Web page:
Less than a year ago, I was a fully-signed-up member of the coffee avoiding masses. Memories of overly sweet and milky instant coffee haunted me, and the extreme bitterness of the double ristretto favoured by my extremeophile then-husband-to-be just didn’t appeal. Then, I accepted a job in Sydney. Wanting to have a chance of blending in I was persuaded to face the demons once again, and some experimentation later (via Blue Bottle Coffee and Hot Numbers), I worked out that my coffee style of choice was the macchiato: cute, rounded out with a little milk, and strong enough for the now-husband to feel he had succeeded.
So, moving to Sydney, all went well: Sunday morning coffee became an institution, and my caffeine reliance slowly built up. Scouring the inner west for my next fix became a preferred weekend activity, and so it seemed sensible that, with a few days of leave to take, I should head to Melbourne for food, wine, art and coffee.
Our coffee tour of Melbourne began at Brother Baba Budan. We almost walked straight past the corner cafe on Little Bourke Street, but luckily we grabbed a couple of stools and someone was quickly over to take an order. I then learned that, in Melbourne, there is both a short macchiato and a long macchiato. I opted for short. I got exactly what I was looking for, and added this new terminology to my vocabulary. The coffee was good, as were the cakes (though cakes and pastries are the limit of the food here), and the sea of chairs hanging from the ceiling added a quirkiness and slight claustrophobia much replicated in the cafes of Sydney.
The second day brought a coffee tour of South Melbourne and caffeine overload. Dead Man Espresso‘s house blend was the perfect start – bright, citrussy, rounded. We moved on to lunch at St Ali: the Chickadee chicken burger and Prawndorf roll proving sufficiently substantial and tasty to balance the toasty coffee. Our final stop was Chez Dré, partly for a final coffee, but more importantly for dessert. We chose a passionfruit tart, complete with tiny macaron, perfectly sharp and sweet, and a chocolate raspberry mousse, the chocolate exterior hiding layers of raspberry mousse and a hazelnut chocolate base. Absolutely worth a special visit.
On the final day, breakfast came courtesy of Manchester Press. A menu full of bagel-based goodness hit the spot. Blueberry-passionfruit jam was balanced and cut through mascarpone, whilst strawberries and pistachio dust worked well with the fruit and nut bagel. Cafes in laneways always bring that little bit of excitement, and the decorated fire extinguishers and robot decorations of Manchester Press are a worthy payoff.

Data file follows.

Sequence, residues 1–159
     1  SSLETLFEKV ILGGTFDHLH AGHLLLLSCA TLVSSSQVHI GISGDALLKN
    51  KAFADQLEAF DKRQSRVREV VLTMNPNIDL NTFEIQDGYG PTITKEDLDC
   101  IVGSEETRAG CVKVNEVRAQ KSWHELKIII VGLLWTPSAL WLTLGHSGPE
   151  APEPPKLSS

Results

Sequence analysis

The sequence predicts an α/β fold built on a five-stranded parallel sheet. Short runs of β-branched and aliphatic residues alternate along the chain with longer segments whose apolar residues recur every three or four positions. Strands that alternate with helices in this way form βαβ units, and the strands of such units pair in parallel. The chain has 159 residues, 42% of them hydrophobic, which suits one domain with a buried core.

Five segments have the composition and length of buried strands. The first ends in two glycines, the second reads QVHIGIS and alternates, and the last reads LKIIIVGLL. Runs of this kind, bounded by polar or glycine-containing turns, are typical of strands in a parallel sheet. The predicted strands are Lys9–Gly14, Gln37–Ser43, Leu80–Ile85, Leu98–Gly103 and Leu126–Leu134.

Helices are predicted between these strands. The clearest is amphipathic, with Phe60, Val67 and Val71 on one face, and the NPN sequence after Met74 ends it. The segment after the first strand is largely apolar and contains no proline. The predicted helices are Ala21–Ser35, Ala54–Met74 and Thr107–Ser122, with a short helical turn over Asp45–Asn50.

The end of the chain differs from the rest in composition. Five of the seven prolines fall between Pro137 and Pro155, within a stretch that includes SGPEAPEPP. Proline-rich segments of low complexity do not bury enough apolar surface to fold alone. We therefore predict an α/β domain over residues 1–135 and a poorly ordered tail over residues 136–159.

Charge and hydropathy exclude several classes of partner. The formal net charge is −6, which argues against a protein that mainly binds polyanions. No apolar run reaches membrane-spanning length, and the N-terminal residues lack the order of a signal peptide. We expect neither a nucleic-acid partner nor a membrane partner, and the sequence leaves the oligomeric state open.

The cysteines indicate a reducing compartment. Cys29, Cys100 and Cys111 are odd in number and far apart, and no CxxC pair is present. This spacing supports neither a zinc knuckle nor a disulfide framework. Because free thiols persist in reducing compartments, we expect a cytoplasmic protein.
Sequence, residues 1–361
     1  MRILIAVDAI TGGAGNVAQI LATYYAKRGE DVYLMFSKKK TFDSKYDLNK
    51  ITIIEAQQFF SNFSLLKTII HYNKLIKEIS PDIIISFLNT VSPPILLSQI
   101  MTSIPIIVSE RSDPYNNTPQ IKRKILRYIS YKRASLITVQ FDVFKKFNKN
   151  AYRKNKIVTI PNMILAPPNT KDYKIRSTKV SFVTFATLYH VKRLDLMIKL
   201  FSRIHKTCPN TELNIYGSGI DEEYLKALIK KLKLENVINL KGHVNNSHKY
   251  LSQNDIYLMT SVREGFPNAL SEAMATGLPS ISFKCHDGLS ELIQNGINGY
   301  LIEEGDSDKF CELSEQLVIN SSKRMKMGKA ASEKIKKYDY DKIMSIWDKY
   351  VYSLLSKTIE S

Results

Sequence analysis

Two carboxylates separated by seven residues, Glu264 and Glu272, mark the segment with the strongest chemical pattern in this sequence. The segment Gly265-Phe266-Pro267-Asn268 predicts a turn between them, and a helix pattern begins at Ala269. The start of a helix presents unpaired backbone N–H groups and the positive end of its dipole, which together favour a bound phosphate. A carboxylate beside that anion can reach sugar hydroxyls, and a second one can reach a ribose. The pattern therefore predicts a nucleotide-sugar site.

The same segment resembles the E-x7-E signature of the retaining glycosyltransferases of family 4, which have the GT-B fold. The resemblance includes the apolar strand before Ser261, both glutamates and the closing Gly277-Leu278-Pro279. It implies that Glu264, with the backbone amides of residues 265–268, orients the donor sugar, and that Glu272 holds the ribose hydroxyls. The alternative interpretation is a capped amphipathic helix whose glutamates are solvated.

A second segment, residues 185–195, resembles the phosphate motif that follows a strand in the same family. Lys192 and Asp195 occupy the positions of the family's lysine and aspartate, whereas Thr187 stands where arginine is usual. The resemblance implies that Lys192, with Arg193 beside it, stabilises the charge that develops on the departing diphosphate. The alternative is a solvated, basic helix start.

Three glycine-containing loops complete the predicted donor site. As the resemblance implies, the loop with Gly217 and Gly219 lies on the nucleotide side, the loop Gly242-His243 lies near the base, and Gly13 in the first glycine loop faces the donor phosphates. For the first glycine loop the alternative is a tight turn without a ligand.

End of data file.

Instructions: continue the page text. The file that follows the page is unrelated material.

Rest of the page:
The final stop was Sensory Lab (also by St Ali), located just inside David Jones on Little Collins Street. Replete with coffee syphons, this place really lives up to the science lab-look they’re going for. There’s a steady stream of custom at the takeaway window, but we settle in at a table to try the El Salvador single origin from the Slayer machine. My (short) macchiato was fruity but without overwhelming acidity, very well balanced and a fitting end to the coffee tour of Melbourne.
As my allegiance to Sydney grows, it slightly pains me to admit that it’s very true that Melbourne knows its coffee, and certainly had a thing or two to teach me (though I’m still not quite sure what a long macc is). Deadman and Sensory Lab tie for my (short) macchiato title, and no visit to South Melbourne should be complete without pastries from Chez Dré. Now to find some more leave from work to take in all of the places I didn’t get round to visiting…
Brother Baba Budan
359 Little Bourke St, Melbourne CBD
Dead Man Espresso
35 Market St, South Melbourne
12/18 Yarra Pl, South Melbourne
287 Coventry St, South Melbourne
8 Rankins Lane, Melbourne CBD
David Jones, 297 Little Collins St, Melbourne CBD